So, the findings of the currently discussed experiment are rather interesting, especially from the viewpoint that they fully conform to the previous research views discussed above. Thus considering F1 flies, one cannot but mention the poor variety of their traits. In the results of the male 4-trait & female wild-type cross, there are only one eye color variety, two body color types, and all the flies are uniform in their wing sizes, bristle traits, and normal cross veins. The female 4-trait & male wild type cross adds only one eye color to the variety, while the rest of the results conform to the ideas by Peters (2010), Ernst (2000, p. 189), Greenspan (2004, p. 219), and Ladiges et al. (2009, pp. 129 – 130 ), who argue that F1 is the generation that displays little mutation variety in its physical traits.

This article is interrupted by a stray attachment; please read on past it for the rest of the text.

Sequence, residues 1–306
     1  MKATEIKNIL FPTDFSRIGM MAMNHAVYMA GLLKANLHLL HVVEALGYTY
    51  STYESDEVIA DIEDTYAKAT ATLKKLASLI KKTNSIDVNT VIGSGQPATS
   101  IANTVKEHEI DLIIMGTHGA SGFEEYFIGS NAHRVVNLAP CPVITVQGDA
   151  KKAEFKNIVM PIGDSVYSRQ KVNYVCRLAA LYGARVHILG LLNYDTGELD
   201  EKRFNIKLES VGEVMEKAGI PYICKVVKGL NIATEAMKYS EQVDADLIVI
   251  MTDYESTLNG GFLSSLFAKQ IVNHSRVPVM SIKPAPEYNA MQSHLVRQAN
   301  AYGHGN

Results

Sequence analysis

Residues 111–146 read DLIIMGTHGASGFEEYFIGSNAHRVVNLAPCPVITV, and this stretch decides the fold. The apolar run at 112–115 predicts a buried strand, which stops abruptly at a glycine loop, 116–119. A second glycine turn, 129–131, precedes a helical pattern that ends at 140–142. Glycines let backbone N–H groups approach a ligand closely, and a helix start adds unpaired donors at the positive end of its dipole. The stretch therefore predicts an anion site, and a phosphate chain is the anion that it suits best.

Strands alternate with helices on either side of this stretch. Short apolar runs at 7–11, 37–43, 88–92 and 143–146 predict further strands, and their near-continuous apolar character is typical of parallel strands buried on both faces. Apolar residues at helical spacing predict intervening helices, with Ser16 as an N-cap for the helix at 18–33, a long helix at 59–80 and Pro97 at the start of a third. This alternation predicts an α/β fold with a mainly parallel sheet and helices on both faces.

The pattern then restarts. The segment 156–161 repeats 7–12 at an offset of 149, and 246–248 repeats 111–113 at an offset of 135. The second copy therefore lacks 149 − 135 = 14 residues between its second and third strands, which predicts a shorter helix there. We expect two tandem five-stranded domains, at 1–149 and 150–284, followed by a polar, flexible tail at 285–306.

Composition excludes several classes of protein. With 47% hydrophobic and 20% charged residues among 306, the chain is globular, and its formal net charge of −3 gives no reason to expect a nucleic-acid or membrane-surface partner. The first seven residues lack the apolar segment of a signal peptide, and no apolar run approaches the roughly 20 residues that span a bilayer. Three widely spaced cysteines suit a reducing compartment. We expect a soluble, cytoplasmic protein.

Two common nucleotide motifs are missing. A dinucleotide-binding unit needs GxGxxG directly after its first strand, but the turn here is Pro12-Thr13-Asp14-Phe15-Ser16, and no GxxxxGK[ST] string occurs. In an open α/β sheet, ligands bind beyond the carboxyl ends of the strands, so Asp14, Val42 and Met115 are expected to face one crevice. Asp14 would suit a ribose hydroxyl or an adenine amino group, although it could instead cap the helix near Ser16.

F2 flies present a wider variety of traits, and this fact also fits the above presented theoretical framework for the experiment. According to Peters (2010), Ernst (2000, p. 189), Greenspan (2004, p. 219), and Ladiges et al. (2009, pp. 129 – 130 ), F2 flies acquire more diverse traits as a result of more numerous mutations taking place at the genetics level. The results from Table 2 prove this point, as one can observe two eye colors for all F2 flies’ groups, three types of body color, and all possible variations in wing size, bristle form, and cross veins. An interesting implication of the results is that female genes tend to have more influence on flies’ sex determination, which is especially evident in crosses with the dominant female fly species and represented

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